Lastly, the Pro mode still doesn't allow you to access any other camera. This means you are strictly limited to the main wide camera on the back if you want full control or the ability to shoot in RAW. There's also no Pro mode available for video or an option to record in 24fps.
Let's start with the daylight image quality of the main camera. The results here are good but also underwhelming when you consider the focus on the camera and the Hasselblad partnership with this year's models.
Starting with the detail, the OnePlus 9 Pro offers very little meaningful improvement over its predecessors. The level of detail is good but also typical of 12-megapixel sensors and lags behind the higher resolution sensors on some of the competing devices. Fine detail is still somewhat fuzzy at times and textures tend to get smeared on surfaces with low-frequency detail.
The level of detail is also a bit lower than what we saw on the OnePlus 8 Pro. It's possible the culprit for that is the switch to a slightly wider focal length, which now fits more in the frame at the same resolution, thus making everything in the frame just a little bit fuzzier. OnePlus has dialed up the sharpening on the OnePlus 9 Pro to compensate for this but sharpening cannot add missing detail and only ends up adding haloing artifacts.
Here's how the OnePlus 9 Pro fares in our usual test scenes.
The full 48-megapixel resolution mode also doesn't help much in this regard. You don't actually get any additional detail and resizing the images back down to 12-megapixel reveals that they are nearly identical to the standard 12-megapixel images, minus some of the noise and aggressive sharpening.
And here are the regular scenes captured in the full-res 48MP mode.
Speaking of noise, the default 12-megapixel images were often surprisingly noisy even when shooting in broad daylight at the lowest ISO. The noise won't be visible when looking at the images on your phone's screen but would become noticeable if you start editing the images or if crop into it. In comparison, the OnePlus 8 Pro images had surprisingly low noise, despite having similar or even greater detail. The higher sharpening on the OnePlus 9 Pro also doesn't do it any favors as the noise in the images also tends to get accentuated by it.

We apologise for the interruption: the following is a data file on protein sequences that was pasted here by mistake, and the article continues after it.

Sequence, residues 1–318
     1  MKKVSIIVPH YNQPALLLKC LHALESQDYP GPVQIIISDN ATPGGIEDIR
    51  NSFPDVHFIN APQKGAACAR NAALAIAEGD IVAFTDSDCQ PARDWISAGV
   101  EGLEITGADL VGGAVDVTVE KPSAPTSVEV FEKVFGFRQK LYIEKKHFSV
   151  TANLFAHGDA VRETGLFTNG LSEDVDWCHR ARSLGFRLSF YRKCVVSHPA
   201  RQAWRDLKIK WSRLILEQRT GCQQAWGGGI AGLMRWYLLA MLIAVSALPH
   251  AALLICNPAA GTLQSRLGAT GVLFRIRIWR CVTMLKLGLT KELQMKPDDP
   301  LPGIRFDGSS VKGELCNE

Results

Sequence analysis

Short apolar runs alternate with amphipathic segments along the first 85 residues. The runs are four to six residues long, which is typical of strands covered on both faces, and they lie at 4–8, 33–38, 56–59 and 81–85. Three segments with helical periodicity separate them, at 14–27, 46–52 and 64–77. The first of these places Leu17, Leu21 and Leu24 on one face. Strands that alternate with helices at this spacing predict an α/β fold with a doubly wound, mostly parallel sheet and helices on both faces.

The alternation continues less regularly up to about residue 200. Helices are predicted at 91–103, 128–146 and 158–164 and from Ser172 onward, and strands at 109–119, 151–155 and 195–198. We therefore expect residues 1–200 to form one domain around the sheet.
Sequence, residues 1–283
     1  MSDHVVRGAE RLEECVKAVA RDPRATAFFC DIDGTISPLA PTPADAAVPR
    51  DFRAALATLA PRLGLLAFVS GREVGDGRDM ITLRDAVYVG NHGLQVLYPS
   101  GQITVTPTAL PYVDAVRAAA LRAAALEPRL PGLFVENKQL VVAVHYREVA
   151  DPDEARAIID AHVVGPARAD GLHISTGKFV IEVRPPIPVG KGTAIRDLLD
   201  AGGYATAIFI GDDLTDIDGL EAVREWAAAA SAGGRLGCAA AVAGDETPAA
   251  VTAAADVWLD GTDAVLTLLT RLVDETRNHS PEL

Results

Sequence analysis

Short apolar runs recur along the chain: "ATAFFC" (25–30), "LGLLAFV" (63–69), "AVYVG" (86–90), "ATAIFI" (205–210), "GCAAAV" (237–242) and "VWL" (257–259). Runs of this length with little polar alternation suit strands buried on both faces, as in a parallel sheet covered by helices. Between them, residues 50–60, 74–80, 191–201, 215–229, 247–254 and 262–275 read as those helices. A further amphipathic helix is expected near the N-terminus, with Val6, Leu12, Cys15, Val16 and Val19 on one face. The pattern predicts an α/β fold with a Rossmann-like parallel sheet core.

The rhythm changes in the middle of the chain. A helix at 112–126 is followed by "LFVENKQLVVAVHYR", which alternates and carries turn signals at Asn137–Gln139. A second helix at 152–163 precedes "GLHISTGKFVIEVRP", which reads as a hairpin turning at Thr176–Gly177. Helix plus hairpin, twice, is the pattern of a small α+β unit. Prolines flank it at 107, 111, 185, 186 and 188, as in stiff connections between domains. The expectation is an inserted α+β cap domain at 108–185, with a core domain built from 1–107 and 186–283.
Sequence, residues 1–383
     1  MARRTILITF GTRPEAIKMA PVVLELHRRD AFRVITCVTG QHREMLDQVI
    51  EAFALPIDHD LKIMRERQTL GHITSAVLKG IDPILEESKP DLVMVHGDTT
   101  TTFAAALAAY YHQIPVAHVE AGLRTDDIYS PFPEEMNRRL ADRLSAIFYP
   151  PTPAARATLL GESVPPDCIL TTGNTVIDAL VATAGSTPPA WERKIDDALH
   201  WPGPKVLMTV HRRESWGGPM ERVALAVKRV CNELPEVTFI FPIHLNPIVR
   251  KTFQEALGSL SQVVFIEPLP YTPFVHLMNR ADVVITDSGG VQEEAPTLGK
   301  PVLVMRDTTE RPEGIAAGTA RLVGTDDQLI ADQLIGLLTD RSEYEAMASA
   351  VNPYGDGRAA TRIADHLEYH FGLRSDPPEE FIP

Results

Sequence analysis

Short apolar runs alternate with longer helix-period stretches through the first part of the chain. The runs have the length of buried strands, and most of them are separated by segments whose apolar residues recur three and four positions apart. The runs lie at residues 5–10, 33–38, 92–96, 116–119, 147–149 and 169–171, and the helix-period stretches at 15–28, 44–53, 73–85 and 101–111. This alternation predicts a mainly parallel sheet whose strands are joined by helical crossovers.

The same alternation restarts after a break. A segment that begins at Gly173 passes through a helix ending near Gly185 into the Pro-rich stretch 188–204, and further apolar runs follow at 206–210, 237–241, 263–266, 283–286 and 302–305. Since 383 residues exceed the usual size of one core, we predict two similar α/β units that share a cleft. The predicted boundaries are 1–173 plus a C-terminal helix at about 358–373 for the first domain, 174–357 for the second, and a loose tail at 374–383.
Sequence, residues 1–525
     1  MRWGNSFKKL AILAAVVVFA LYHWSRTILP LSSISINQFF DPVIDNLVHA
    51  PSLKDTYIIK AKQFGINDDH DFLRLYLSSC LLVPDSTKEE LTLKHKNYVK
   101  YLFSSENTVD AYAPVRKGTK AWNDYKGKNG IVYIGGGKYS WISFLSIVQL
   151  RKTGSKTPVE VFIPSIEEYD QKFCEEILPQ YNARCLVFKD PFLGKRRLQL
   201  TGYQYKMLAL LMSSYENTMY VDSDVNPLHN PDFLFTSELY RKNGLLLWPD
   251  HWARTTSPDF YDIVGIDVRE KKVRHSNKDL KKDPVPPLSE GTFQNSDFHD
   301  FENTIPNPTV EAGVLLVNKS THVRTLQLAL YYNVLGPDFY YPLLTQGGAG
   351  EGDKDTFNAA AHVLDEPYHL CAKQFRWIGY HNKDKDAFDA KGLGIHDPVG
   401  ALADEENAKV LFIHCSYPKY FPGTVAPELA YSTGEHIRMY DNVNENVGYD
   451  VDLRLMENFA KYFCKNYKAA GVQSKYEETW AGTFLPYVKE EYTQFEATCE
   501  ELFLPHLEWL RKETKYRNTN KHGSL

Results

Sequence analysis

The color performance is also a mixed bag. We had high hopes in this area, especially since OnePlus promised more natural color reproduction, but the OnePlus 9 Pro images aren't exactly natural. Daylight images can often have deeply saturated skies and bold green foliage, which is much more vibrant than in the actual scene. The white balance has a tendency to be on the cooler side while shooting in sunny conditions. Reds will occasionally shift towards magenta, especially in indoor lighting. The contrast also tends to be jacked up significantly at times, often to the detriment of the image.
Compared to its predecessor, the OnePlus 9 Pro occasionally performed worse. The OnePlus 8 Pro often had a more correct white balance and more balanced, less contrasty images.
Dynamic range is average. While the OnePlus 8 Pro had a tendency to overexpose, the OnePlus 9 Pro tends to underexpose, which can cause images to have less detail in the shadows. OnePlus' UltraShot HDR can still have that fake, aggressive tone-mapped HDR look to it at times, especially when shooting indoors, and the images from auto mode don't look as natural as those from Apple or Google smartphones.